The median age in Nigeria is 17.9 years (2015) and it is projected to be about 22.4 years by 2050. This attests to the fact that Nigeria is a young country with young people running economic and political affairs. As a matter of fact, in 1985 when you were head of state, the average age was 17.5 years and you were just 33 years old. If at 33 despite lack of access to modern technological advancement, you could lead an entire country; you can imagine what our current 35, 40 and 45 year old can achieve if older people like you can coach and provide a democratic environment for their emergence. This is coming from a perspective that young people are the energy that drives a country’s future and should be given an opportunity to perform their civic rights. If the likes of Barrack Obama, Bill Clinton, John F. Kennedy were Nigerians as at the time they were presidents of the most powerful economy in the world with nuclear codes, what would they be doing now? Running your social media accounts deceiving the same people you are constitutionally bound to protect and serve? I think it’s not too late to consider your decisions as you have always done to relapse on seeking a re-election. Rather, find capable young person (s) of your choice to groom for leadership.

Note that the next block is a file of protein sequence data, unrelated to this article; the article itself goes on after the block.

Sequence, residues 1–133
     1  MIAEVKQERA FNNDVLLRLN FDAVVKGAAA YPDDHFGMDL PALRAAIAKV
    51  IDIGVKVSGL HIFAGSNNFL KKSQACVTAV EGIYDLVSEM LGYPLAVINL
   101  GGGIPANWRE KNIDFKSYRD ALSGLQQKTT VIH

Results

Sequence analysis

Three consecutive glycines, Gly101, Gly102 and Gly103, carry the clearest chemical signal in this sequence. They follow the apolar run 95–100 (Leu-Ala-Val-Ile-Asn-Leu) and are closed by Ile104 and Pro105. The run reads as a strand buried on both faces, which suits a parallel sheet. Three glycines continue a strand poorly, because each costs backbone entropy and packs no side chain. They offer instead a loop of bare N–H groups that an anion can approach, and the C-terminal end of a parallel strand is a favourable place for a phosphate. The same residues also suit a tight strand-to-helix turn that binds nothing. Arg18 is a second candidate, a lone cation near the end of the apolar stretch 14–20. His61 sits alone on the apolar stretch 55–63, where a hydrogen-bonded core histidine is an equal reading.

I was particularly disappointed at one of your ministers who claimed to be your student telling a 48-year-old Nigerian to go and be a councilor first before dreaming of becoming a president. I argued that this is not from you because it can never be your intentions to discredit a 40 or 48-year-old from becoming a president. This is like saying, nobody should be president until they are above 70 or 80 years of age when we all know that irrespective of the good intentions, the energy for proper execution is dwindling. We have both seen cases where heads of security forces in Nigeria went hiding and disobeyed your order; you didn’t know until three months after. Even after you knew, you couldn’t wheel the hand to fire them. They are still serving in your government.